Inadequate investigation or discovery of facts is another substantive error that deserves special attention, since it is a common error.

In a transactional real estate deal, this type of claim might involve not delving into the client’s long- term plans for the property, and then failing to follow up on appropriate zoning or bylaw searches to ensure the client can use the property as intended.  Quick questions and quick answers without proper context being exchanged between people in a rush are often problematic.

The critical issue is that this error goes to the very core of what lawyers are supposed to do for their clients—give legal advice tailored to the client’s specific circumstances—and basically involves the lawyer not taking a bit of extra time or thought to dig deeper and ask appropriate questions on the matter.  To avoid this type of claim, you must take the time to read between the lines so you can identify all appropriate issues and concerns.  

Ask yourself: What does the client really want?  Does everything add up?  What issues or concerns should be highlighted for the client?  If something doesn’t add up, you need to ask more questions and dig deeper. See http://www.americanbar.org/publications.html

D. Conflict of Interest

An attorney who interviews a client in order to enter into a contract should take care to ascertain whether there are any other clients represented by the attorney whose interests are adverse to or in conflict with those of the client being interviewed.  Even where the initial interview does not show any adverse or conflicting interests, you may want to later include a reservation of the right to withdraw in cases where a conflict of interest might later arise.

Such a reservation might be worded as follows: "As explained to you, because of ethical considerations, we must reserve the right to withdraw as counsel in those cases.. . . where there is a conflict of interest, such as where we are also counsel for the opposing party."

E. Pre-trial, Pre-Hearing Advice Missteps

Attorney's negligence was the proximate cause of clients' harm claimed in legal malpractice action, where attorney admitted in a memorandum that he was late to a pretrial hearing, which resulted in the entry of a default judgment against clients.

Legal malpractice is an actual damages tort.  This means that even if the attorney breaches a duty of care, without more, there is no tort of malpractice.  Jackson v. Johnson,  5 Cal.App.4th 1350, 1355 (1992)

F. When is the Error Egregious Enough to Get You in Trouble?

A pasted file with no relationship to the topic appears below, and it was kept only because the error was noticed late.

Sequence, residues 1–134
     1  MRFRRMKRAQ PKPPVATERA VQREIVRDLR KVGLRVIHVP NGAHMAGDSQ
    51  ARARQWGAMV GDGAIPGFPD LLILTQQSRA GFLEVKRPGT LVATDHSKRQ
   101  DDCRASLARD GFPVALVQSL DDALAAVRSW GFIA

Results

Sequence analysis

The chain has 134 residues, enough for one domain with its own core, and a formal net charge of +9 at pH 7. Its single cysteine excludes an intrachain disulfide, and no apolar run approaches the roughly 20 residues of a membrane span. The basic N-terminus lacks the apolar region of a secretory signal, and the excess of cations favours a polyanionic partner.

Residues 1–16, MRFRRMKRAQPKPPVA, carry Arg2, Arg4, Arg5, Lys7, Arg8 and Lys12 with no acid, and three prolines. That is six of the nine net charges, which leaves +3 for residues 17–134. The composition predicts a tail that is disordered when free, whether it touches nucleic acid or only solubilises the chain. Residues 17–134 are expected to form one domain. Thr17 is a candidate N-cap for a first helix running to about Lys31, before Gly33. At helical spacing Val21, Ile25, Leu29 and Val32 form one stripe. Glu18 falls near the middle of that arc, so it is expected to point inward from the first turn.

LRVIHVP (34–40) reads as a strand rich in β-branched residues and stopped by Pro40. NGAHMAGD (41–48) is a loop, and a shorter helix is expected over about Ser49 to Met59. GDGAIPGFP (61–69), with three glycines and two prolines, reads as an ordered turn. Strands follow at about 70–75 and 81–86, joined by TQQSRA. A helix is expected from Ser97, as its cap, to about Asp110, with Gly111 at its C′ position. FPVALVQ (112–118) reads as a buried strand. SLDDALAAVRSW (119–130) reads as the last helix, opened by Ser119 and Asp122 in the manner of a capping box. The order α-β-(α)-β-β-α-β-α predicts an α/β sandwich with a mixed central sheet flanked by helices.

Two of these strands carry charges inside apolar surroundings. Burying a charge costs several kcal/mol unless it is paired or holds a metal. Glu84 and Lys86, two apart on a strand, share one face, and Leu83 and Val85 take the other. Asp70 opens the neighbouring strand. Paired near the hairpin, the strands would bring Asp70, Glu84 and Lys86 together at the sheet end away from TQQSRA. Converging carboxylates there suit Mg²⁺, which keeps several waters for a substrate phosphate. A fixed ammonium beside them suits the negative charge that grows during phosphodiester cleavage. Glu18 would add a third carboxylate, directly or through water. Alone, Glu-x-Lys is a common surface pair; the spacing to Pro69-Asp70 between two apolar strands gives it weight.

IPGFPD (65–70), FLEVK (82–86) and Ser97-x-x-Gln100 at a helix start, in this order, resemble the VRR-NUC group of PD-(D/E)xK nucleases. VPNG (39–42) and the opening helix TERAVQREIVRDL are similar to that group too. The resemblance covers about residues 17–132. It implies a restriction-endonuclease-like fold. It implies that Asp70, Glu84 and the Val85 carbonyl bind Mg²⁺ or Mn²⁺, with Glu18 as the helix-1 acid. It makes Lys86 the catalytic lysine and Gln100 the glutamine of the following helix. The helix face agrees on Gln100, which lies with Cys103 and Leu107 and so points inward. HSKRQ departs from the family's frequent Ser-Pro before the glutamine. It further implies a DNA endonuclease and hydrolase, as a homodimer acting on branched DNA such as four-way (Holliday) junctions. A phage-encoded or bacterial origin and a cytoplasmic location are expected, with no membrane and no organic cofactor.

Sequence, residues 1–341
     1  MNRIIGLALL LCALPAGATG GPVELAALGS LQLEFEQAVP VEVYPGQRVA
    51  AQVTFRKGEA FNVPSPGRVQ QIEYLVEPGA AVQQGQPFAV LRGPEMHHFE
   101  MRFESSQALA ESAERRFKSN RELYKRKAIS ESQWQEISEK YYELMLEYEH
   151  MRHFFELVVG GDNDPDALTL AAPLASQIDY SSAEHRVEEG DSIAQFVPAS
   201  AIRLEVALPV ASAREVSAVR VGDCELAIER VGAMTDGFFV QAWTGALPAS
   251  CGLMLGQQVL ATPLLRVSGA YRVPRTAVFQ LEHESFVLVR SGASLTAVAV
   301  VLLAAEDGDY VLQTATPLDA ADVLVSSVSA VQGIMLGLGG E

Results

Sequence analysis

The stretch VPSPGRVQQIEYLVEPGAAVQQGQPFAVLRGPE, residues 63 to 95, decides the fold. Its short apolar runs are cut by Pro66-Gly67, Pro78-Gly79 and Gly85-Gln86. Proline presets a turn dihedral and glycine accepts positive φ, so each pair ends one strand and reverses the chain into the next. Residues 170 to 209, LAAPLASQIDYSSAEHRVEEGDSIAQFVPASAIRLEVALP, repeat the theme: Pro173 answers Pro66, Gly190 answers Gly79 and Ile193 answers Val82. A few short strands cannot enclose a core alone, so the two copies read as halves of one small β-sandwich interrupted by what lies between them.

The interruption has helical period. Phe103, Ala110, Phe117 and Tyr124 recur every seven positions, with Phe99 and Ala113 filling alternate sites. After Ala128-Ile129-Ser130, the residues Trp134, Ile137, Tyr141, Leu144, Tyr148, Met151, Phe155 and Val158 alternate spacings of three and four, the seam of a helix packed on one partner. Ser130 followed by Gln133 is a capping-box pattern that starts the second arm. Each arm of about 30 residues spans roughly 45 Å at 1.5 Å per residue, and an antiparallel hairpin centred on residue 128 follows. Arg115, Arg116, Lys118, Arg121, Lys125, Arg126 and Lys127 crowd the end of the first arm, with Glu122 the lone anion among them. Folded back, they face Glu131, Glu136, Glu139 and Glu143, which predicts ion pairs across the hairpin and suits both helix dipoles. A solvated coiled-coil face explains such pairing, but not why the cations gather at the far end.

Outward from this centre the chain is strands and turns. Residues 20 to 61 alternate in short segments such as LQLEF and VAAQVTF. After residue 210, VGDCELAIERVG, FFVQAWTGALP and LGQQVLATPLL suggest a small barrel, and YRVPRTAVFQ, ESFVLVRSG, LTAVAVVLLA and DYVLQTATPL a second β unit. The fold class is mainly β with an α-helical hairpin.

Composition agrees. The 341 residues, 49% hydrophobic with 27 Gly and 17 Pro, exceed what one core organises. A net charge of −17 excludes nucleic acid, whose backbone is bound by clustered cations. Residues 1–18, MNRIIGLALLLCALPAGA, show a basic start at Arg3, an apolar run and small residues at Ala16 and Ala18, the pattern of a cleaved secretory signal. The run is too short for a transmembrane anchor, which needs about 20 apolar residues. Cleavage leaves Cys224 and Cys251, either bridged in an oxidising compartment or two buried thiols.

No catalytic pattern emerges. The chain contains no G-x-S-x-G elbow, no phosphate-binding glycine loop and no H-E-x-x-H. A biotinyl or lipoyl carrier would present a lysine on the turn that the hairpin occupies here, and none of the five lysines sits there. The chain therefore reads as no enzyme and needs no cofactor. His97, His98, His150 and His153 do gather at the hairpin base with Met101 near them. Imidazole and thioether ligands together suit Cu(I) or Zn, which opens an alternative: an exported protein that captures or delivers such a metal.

When there has been a wholesale abdication of professional and fiduciary responsibility.

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II. What to Do If You Think You Are in Trouble

The former Model Code included Canon 9, which stated “A Lawyer Should Avoid Even the Appearance of Impropriety.”  While not actually a Disciplinary Rule, the “appearance of impropriety” was “a favorite of some courts, which quoted it with great frequency over the years,” as Ronald Rotunda and John Dzienkowski note in their useful treatise, Legal Ethics — The Lawyer’s Deskbook on Professional Responsibility.  It was especially used as a basis for disqualifying lawyers for a broad range of conduct, ranging from conflicts to other kinds of misconduct.

Deeming the “appearance of impropriety” standard to be unfairly vague and imprecise, the Kutak Commission, which drafted the 1983 Model Rules, rejected it.  Until its amendment in 2003, Model Rule 1.9, the rule on former-client conflicts, even had a comment consisting of an express critique of the appearance of impropriety as a standard for disqualification.

Most courts have now rejected the “appearance of impropriety” as a standard for disqualification.

A. Crisis Management and Mitigation Strategies

Legal malpractice claims can occur in good or bad economic times.  During good economic times, the size and number of engagements accepted by law firms trend upward.  In such an environment, attention to detail may suffer, management supervision may be overstretched, and time for training and supervision is often reduced, creating increased potential for errors that might lead to claims.  

Equally, when economic times aren’t so good, and matters go badly, those on the losing end look for someone to blame, preferably someone with “deep pockets” – meaning the  malpractice insurer.